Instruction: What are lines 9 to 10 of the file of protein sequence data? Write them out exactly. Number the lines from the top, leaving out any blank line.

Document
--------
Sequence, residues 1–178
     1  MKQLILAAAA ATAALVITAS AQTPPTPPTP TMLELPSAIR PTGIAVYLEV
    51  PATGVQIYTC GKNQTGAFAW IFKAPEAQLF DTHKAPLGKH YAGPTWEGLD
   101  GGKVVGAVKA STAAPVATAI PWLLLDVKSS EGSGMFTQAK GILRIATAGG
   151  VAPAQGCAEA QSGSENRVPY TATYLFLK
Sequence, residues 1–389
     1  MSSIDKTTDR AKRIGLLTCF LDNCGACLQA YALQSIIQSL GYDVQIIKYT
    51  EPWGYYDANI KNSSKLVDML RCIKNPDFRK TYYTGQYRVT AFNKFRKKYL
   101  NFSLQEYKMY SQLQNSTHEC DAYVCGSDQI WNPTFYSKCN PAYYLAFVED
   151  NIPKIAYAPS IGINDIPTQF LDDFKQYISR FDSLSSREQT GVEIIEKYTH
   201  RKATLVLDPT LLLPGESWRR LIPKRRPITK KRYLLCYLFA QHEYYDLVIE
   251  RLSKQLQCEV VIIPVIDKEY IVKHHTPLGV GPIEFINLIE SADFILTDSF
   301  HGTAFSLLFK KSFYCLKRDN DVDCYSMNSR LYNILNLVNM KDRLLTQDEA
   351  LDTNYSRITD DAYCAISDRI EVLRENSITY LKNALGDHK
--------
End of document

   101  NFSLQEYKMY SQLQNSTHEC DAYVCGSDQI WNPTFYSKCN PAYYLAFVED
   151  NIPKIAYAPS IGINDIPTQF LDDFKQYISR FDSLSSREQT GVEIIEKYTH